Blind tasting + current terroir notions

Blind tasting is a rather brilliant skill that requires sagaciousness and phenomenal sensory memory. A dash of good luck doesn't hurt either.

Lately, whenever I blind taste, I'm fascinated with our current terroir associations. A word that encompasses centuries if not millennia of distilling evolutionary & cultural change seems surely marked with modern-day viticultural & enological advances. If I polled 100 sommeliers from around the world and asked them to describe [name a famous worldly region here], I'm certain I would receive succinct, fairly accurate descriptors via their experiences with said region. These adjectives can be stripped down to reflect a genesis worth mentioning: Cultured yeasts, temperature-control, stainless steel, excessive SO2... In reality, the majority of our sensory memories we use to judge and decipher wines are bulked with technological advancements that do anything but shine light on true fields, surroundings, natural/honest cellar practices, and vintage variation. Hmmmm. Is terroir the correct word then?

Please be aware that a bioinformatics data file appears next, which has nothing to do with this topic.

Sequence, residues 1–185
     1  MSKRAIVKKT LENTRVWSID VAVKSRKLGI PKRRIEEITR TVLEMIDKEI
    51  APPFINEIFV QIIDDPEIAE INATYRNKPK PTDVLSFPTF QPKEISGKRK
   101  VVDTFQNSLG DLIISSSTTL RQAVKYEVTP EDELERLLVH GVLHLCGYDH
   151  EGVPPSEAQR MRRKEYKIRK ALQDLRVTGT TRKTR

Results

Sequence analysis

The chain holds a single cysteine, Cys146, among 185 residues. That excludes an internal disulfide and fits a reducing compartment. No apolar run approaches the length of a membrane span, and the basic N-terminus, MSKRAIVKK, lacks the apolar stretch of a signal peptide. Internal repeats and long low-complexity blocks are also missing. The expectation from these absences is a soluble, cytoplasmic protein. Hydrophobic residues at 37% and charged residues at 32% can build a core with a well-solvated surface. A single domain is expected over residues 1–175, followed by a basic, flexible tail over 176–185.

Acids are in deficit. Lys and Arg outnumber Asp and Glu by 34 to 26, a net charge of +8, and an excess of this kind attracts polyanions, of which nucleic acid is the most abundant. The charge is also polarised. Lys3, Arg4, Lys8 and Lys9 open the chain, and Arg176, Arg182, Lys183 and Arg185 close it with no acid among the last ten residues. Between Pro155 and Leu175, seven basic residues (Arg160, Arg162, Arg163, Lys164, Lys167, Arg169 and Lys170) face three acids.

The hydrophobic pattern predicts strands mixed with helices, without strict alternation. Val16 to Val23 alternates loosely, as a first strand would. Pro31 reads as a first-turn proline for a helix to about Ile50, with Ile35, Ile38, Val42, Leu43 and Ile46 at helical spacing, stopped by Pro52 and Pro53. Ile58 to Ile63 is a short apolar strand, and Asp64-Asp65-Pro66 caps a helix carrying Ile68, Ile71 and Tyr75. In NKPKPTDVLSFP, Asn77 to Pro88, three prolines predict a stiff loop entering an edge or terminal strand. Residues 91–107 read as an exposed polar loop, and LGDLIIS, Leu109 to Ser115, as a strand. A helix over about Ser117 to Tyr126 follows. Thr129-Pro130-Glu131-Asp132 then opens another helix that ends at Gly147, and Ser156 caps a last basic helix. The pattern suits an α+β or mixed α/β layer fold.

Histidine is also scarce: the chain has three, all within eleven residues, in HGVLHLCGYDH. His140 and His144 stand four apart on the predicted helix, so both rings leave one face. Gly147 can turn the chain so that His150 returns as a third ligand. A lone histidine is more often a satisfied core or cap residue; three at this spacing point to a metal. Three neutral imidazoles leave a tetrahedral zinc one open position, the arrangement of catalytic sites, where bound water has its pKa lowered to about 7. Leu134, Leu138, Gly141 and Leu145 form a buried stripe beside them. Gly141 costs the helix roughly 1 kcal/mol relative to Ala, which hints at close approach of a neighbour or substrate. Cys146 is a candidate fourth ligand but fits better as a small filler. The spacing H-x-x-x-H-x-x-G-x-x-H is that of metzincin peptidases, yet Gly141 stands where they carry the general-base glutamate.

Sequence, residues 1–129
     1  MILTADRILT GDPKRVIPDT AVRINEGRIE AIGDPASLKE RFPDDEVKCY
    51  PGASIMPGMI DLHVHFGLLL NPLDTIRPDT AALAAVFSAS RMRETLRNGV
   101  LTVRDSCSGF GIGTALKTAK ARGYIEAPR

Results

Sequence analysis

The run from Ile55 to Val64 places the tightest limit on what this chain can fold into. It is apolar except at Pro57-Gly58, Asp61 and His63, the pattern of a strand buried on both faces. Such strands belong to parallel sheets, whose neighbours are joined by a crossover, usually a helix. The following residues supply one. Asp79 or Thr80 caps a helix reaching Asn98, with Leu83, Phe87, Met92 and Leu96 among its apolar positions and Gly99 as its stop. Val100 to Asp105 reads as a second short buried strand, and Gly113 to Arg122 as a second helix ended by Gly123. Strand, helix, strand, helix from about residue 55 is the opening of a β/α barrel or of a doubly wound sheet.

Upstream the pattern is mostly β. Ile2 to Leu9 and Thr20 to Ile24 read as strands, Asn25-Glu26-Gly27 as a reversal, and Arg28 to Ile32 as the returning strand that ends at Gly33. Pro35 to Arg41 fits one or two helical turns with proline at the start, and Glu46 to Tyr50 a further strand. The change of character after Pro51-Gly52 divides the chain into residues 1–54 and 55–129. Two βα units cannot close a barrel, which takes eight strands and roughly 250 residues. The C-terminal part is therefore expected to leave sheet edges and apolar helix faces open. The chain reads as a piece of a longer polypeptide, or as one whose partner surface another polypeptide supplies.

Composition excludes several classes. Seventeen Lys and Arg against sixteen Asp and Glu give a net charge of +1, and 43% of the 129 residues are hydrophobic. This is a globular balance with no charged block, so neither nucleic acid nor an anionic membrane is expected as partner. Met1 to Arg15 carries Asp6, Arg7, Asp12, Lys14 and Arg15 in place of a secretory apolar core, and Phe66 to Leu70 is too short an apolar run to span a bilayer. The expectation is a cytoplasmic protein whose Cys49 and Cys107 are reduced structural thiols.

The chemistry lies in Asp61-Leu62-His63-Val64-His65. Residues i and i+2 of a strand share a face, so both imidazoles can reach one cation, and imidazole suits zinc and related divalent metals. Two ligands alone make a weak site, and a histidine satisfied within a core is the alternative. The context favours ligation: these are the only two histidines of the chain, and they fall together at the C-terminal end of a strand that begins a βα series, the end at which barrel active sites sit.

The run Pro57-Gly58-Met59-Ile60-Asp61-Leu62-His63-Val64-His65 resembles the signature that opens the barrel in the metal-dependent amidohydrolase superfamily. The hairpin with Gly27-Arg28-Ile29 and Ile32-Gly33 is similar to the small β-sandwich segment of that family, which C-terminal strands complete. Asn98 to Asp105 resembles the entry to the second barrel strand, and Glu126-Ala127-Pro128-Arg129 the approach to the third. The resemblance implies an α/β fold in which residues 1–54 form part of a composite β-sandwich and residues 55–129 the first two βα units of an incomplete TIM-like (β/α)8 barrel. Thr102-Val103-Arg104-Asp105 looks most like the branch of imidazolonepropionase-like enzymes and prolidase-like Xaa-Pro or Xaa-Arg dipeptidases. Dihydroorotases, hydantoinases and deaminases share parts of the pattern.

The above elements of wine making can make for delicious wine no doubt, but a direct reflection of where the fruit/wine is from? Hundreds of years of wisdom collected cum snapshot of a place? Nowadays we're familiar with winemakers having access to great quality organic and biodynamic fruit, fermenting via indigenous yeasts, fermenting/ageing in vessels native to their region (chestnut/acacia/etc.), using less SO2 than in the past, and dealing with warmer climates thus able to pick certain grapes in northerly climates with more consistent, earlier ripening cycles. This is just the tip of the iceberg. Intrinsic winemakers are delivering wines reminiscent of Vouvray but hailing from the Central Coast in California! Is this what California is capable of? Is this the beginnings of new terroir in action in the making? What about the hundreds of producers throughout Europe and beyond crafting the most honest and challenging natural wines of our times that do not reflect terroir based on a mere 50 years of sensory memory but a most pure expression of their land and surroundings and availabilities?

All this to say, I think the word, "terroir" will be even more leaded 100 years from now than it is today and just as yeasts are so intricately distinct from one parcel to the next, there will be thousands more terroirs to distinguish between. Thank you to all the vignerons who farm and live their grapes and vines. Thank you for giving us these thousands of new intricacies to even attempt to discern. We'll need all the luck we can when we decide to brown bag...